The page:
Rodriguez used constant movement to discourage Sor Rungvisai, who overextended with a shot and was immediately countered by a straight left hand by the defending champ. Rodriguez doubled up on the jab, snapping back the head of Sor Rungvisai who managed to come back with a straight left hand. Rodriguez stuck to the script, landing with a jab-left-jab inside the final 15 seconds of the round.

Sor Rungvisai looked for a home for his left hand in round two. An occasional shot found its target, only for Rodriguez to counter with one-twos as his blazing hand speed was on display. Sor Rungvisai waded through a combination to connect with a power jab, snapping back the head of Rodriguez.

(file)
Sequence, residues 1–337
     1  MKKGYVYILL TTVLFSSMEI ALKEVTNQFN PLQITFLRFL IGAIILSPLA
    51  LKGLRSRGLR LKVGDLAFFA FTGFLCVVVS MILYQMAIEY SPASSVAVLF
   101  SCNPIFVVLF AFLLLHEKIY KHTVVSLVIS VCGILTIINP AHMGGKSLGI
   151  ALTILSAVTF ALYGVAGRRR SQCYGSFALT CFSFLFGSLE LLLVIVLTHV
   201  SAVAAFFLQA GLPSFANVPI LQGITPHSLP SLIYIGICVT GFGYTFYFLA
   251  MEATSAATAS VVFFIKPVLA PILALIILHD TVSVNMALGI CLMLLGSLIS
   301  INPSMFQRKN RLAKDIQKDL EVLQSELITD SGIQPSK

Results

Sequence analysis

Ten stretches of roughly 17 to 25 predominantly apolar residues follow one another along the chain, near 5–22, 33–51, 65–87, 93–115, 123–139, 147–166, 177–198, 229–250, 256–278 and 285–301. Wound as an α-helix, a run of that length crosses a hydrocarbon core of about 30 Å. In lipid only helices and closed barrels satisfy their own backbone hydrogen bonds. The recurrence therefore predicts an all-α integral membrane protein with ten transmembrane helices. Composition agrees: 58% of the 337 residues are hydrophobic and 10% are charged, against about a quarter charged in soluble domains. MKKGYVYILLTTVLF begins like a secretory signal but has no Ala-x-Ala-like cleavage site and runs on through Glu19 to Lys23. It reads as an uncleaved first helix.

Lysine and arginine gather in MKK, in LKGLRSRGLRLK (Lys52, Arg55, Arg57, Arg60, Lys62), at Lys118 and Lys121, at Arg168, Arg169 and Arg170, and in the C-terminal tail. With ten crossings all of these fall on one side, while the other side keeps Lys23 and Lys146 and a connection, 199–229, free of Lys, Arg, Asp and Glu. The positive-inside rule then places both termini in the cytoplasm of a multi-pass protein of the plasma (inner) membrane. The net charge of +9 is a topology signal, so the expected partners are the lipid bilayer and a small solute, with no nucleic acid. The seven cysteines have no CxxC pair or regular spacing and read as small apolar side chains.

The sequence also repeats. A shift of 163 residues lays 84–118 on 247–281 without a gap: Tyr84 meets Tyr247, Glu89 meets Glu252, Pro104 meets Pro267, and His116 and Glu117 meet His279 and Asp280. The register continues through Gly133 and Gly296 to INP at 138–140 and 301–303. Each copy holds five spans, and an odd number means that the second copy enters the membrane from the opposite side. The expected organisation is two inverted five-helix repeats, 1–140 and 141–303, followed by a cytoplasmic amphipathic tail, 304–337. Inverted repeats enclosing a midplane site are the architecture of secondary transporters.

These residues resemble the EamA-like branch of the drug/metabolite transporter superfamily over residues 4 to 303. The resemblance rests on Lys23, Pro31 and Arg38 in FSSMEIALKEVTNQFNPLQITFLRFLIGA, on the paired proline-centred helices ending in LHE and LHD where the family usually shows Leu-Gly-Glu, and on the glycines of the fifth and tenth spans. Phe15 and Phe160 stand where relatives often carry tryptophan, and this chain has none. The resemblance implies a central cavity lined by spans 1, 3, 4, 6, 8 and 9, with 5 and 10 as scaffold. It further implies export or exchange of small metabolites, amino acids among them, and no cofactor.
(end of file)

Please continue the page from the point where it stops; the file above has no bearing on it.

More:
A dazzling boxing display was offered by Rodriguez in round three. A right hand forced Sor Rungvisai into a defensive shell, with Rodriguez immediately following with a left hand and right hook. Rodriguez was already out of punching range by the time Sor Rungvisai attempted to counter. Rodriguez closed strong, connecting with a left hand and right uppercut then sliding back just enough to force Sor Rungvisai to miss with a left hand.

Sor Rungvisai barely avoided a knockdown, as he was rocked midway through round four but managed to keep his glove from touching the canvas. Rodriguez grew more confident in his power shots, dazzling the former champ with a left hand and right hook. Sor Rungvisai remained composed long enough to connect with a left hook to the body which didn’t appear to bother Rodriguez though it caught his attention.